Skip to main content

US 'to withhold $85 million' in military aid to Egypt

Reports say Biden administration set to redirect funds to Taiwan and Lebanon
Egyptian President Abdel Fattah al-Sisi, talks with General leaders of Egyptian Armed Forces Osama Askar in Cairo, Egypt on 13 September 2023 (Reuters via the Egyptian Presidency)
Egyptian President Abdel Fattah al-Sisi talks with Lieutenant General Osama Askar in Cairo, Egypt, 13 September 2023 (Reuters via the Egyptian Presidency)

The United States is set to withhold $85m in military aid to Egypt, according to Reuters and the Wall Street Journal. 

The funds, a small part of the $1.3bn in annual US military aid to Cairo, will be instead directed to Taiwan and Lebanon, a State Department letter to congressional committees showed. 

The $85 million was conditioned by the US on the release of political prisoners, with lawmakers urging the Biden administration to withhold $235m more. 

"The administration rightly decided to withhold that first tranche - $85m tied to the release of political prisoners - because there's just no question there has not been enough progress," Democrat Senator Chris Murphy said, according to Reuters. 

"I would urge the administration to finish the job and withhold the full $320m... until Egypt's human rights and democracy record improves," he added.

Stay informed with MEE's newsletters

Sign up to get the latest alerts, insights and analysis, starting with Turkey Unpacked


Washington has in the past withheld some of the $320m in foreign military financing (FMF) to Egypt, which is conditioned on meeting democracy and human rights requirements.

Rights groups in July urged the White House to withhold the full amount this year, saying that Cairo has failed to meet the benchmarks set by the US.

In September 2021, the US withheld $130m, saying it would only release the funds if the government of Abdel Fattah el-Sisi delivered on a set of human rights demands. 

Rights groups urge US to withhold $320m in military aid to Egypt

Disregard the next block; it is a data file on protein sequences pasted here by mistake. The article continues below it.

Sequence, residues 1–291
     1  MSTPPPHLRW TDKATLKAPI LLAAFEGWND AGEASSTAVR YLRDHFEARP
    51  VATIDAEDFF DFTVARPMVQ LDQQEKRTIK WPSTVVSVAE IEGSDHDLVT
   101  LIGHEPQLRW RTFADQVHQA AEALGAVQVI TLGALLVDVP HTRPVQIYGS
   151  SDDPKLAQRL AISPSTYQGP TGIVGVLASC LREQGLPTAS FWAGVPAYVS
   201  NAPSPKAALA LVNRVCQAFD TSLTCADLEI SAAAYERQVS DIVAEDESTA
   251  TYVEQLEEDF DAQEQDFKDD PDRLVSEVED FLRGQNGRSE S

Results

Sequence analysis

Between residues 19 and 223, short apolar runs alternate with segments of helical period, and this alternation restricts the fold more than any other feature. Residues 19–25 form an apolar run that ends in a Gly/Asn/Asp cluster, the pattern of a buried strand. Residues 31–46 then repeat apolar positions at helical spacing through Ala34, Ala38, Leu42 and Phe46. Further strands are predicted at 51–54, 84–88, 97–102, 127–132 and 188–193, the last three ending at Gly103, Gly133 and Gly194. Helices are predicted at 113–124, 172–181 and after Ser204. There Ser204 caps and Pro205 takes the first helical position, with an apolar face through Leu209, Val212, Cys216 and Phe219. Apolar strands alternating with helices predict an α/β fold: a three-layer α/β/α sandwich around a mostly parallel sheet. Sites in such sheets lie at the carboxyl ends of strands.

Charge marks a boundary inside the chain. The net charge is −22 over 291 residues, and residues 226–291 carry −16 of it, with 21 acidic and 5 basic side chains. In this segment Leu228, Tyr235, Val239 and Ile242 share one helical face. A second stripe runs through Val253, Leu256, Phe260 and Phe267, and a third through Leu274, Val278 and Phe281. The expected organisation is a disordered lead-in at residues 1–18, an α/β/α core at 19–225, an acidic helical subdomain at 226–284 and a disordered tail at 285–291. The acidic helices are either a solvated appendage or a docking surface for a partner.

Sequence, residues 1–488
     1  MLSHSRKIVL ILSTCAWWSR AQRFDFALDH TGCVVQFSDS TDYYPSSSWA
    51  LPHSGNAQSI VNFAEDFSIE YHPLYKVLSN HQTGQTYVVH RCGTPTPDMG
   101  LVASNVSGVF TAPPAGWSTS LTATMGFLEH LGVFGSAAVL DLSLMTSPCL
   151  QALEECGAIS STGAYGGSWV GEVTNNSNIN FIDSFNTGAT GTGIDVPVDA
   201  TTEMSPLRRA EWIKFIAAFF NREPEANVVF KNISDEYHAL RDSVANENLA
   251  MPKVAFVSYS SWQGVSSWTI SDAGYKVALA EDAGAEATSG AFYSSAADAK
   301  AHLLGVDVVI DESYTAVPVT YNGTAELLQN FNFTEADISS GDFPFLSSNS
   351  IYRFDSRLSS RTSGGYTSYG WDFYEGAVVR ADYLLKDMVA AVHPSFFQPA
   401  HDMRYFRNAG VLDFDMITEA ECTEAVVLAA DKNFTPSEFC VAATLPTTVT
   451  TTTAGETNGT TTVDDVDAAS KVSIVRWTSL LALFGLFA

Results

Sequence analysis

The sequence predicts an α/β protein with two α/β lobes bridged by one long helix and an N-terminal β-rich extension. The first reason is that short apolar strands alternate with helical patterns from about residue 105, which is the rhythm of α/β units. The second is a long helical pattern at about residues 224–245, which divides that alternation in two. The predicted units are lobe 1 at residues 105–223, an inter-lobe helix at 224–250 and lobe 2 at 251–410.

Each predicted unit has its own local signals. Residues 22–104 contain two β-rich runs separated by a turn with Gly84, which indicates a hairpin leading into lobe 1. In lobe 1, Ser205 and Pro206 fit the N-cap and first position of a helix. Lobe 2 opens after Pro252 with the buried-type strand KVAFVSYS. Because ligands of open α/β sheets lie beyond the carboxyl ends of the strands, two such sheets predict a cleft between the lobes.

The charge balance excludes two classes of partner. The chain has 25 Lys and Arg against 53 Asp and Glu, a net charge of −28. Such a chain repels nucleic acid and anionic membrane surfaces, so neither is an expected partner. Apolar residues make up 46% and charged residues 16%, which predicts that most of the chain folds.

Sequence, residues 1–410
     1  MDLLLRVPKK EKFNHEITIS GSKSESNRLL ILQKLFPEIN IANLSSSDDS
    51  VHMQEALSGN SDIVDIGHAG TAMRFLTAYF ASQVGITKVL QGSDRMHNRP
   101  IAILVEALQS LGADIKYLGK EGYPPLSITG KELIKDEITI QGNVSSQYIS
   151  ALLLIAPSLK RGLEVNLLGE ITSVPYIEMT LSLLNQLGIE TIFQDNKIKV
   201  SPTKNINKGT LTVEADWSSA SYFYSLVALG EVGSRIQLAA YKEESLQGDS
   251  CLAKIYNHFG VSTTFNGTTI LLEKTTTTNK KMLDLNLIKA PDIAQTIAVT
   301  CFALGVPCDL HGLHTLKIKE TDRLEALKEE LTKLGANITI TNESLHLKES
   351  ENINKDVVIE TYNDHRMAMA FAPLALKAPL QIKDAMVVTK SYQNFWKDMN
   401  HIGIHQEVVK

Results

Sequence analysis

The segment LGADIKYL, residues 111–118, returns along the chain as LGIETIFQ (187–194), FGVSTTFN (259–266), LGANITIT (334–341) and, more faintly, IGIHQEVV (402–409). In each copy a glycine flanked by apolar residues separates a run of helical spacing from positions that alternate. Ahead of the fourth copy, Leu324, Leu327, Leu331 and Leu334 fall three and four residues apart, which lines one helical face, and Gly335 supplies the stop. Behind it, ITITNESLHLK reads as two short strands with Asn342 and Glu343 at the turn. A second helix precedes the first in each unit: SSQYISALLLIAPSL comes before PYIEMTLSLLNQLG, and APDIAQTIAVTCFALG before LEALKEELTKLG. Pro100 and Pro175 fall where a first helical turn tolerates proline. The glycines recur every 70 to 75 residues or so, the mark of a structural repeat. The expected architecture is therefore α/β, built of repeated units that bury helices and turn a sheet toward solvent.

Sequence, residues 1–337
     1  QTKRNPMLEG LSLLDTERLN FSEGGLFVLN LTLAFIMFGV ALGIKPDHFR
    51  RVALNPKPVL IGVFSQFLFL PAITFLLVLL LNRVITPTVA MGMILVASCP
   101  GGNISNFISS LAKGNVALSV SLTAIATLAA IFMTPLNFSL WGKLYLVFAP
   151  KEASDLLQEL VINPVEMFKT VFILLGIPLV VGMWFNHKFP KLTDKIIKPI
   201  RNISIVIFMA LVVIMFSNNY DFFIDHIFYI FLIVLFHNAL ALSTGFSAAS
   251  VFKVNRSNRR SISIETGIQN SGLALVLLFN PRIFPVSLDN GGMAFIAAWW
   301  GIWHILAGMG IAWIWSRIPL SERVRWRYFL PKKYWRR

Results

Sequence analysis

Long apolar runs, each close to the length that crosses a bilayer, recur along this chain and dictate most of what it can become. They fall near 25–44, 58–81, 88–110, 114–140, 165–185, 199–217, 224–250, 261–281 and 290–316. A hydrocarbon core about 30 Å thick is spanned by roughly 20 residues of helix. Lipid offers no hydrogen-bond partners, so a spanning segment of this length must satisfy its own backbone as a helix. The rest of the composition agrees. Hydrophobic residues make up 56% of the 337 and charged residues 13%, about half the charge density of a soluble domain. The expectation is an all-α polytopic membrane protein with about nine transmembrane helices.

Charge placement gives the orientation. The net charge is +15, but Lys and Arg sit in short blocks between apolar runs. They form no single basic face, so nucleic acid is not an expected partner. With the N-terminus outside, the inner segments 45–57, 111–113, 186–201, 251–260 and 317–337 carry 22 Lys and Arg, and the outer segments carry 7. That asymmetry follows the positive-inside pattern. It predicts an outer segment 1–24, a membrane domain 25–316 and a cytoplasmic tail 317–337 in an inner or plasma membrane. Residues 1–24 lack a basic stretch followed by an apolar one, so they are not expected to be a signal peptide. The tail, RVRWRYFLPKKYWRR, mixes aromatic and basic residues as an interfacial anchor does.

Read More »

Those conditions included ending the detention of several Egyptians politically targeted by Cairo, and ending Case 173 of 2011, a politically motivated case in which 43 foreign and domestic NGO employees were sent to prison and a number of civil society groups, including Freedom House, were shut down.

Cairo is the second-largest recipient of US military aid, behind Israel.

Despite the calls to curtail US military aid to Egypt, Washington has continued to reward Cairo with arms sales.

In January 2022, the US approved an arms sale to Egypt valued at about $2.5bn.

Since coming to power in 2013 following a coup, Sisi has led a brutal suppression of dissent, jailing more than 60,000 activists and imposing strict censorship on public discourse.

Hundreds of prisoners have also died in detention due to poor conditions and medical neglect, according to human rights activists.

Sisi has consistently denied there are political prisoners in Egypt and has instead framed the crackdown as part of a fight against terrorism.

In recent years, the Egyptian government has made efforts to reduce its prison population. In 2022, for example, Cairo released 895 political prisoners, according to Amnesty International. 

However, rights experts have previously told MEE that despite these apparent efforts to ease the crackdown on civil society the Sisi government has continued to arrest and target its critics.

Middle East Eye delivers independent and unrivalled coverage and analysis of the Middle East, North Africa and beyond. To learn more about republishing this content and the associated fees, please fill out this form. More about MEE can be found here.